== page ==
By contrast, a similar death from poisoning had happened nearly two decades before at the pre-gold rush trading post of Fort Reliance. The outcome there was different because the trader Jack McQuesten, returning for the summer, was forewarned that three women had died after baking with arsenic taken from his stores. Using a translator to complete the negotiation, he made acceptable restitution.
Justice was written by Yukon journalist Leonard Linklater, who first encountered the Nantuck story 15 years ago, while attending the Institution for Indigenous Government in Vancouver.
“It was then,” said Linklater, “that an article appeared in a legal journal on the judicial homicide of these four Tagish men during the Klondike Gold Rush. Why had I not heard of it before?”
Over time, Linklater developed, refined and streamlined the story, melding history with drama to create a compelling play about the competing systems of justice, and how linguistic barriers, social misunderstanding and politics led to the sad conclusion. He lays out important issues without forcing an interpretation. One system of justice prevailed over the other, and only in more recent times has an alternate understanding of the facts emerged.
Interest in the murders, the trial and the execution were given a dramatic kick-start in November of 2010, when the discovery of several executed criminals unearthed from unmarked graves during construction work in Dawson City made the national news. After forensic examination of the remains by physical anthropologist Susan Mooney, two of the skeletons were identified as those of the Nantuck brothers.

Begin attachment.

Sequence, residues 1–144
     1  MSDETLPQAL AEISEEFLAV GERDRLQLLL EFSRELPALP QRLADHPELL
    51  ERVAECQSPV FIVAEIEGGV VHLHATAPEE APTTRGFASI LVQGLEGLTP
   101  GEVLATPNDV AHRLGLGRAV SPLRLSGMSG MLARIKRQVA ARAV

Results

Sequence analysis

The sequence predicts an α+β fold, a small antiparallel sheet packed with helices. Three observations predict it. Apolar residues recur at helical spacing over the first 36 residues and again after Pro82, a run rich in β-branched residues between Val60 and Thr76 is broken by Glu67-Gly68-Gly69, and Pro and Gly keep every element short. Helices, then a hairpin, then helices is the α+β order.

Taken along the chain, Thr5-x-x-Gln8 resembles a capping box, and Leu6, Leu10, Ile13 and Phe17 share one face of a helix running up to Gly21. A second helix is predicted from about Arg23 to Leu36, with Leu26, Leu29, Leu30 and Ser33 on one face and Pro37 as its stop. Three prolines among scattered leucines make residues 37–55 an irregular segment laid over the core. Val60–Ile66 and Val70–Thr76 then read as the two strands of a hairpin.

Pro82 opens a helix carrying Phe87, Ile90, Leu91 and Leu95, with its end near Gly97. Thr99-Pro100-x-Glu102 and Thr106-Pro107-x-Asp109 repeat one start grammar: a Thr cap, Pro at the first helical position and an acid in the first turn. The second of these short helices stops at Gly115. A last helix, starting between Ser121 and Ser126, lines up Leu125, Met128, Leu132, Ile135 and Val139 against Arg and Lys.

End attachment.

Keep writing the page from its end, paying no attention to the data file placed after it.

The schedule to bring the play to the stage was well underway when this occurred, according to Linklater, but renewed interest spawned by the macabre discovery has heightened the impact of the play and intensified discussion about the underlying story.
The play was tightly woven around six characters and two sets of events: one relating to the shooting of Meehan and Fox, the other pertaining to the subsequent administration of justice in Dawson. Director Floyd Favel used a simple stage setting that incorporated an ingenious shadow screen, upon which various actions and events were suggested by the movement of silhouettes.
The portrayal of the six characters, each burdened by his own issues and values, was deftly handled by actors Philip Nugent, Chris McGregor, Rob Hunter and Corey Payette (the latter two as the Nantuck brothers), and their dialogue was the main vehicle to carry the action forward through the two acts.
Knowing the historical events from which this play was derived is essential for the audience to understand the story. Once that is established, however, the audience can relax and enjoy the performance.
Blending it with a theatrical performance can bring history to a newer, wider audience. It can open the minds of the viewers to provocative new insights into the human condition, historical events and how they interact. I think that the Gwaandak Theatre production of Justice did a good job of achieving this goal.
It is proof that there is plenty of room for more theatrical ventures into the realm of history.
Michael Gates is a Yukon historian and sometimes adventurer based in Whitehorse. His new book, Dalton’s Gold Rush Trail, is now available in stores. You can contact him at firstname.lastname@example.org